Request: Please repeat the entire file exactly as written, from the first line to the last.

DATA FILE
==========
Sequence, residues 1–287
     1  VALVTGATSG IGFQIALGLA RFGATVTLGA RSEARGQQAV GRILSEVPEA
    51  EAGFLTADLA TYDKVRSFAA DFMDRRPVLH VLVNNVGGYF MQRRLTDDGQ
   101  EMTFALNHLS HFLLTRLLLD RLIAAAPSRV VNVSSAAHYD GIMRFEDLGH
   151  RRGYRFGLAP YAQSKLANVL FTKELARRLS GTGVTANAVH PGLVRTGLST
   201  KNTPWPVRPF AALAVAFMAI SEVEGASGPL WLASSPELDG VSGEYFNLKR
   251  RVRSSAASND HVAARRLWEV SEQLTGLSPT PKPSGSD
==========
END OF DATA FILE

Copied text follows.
Sequence, residues 1–287
     1  VALVTGATSG IGFQIALGLA RFGATVTLGA RSEARGQQAV GRILSEVPEA
    51  EAGFLTADLA TYDKVRSFAA DFMDRRPVLH VLVNNVGGYF MQRRLTDDGQ
   101  EMTFALNHLS HFLLTRLLLD RLIAAAPSRV VNVSSAAHYD GIMRFEDLGH
   151  RRGYRFGLAP YAQSKLANVL FTKELARRLS GTGVTANAVH PGLVRTGLST
   201  KNTPWPVRPF AALAVAFMAI SEVEGASGPL WLASSPELDG VSGEYFNLKR
   251  RVRSSAASND HVAARRLWEV SEQLTGLSPT PKPSGSD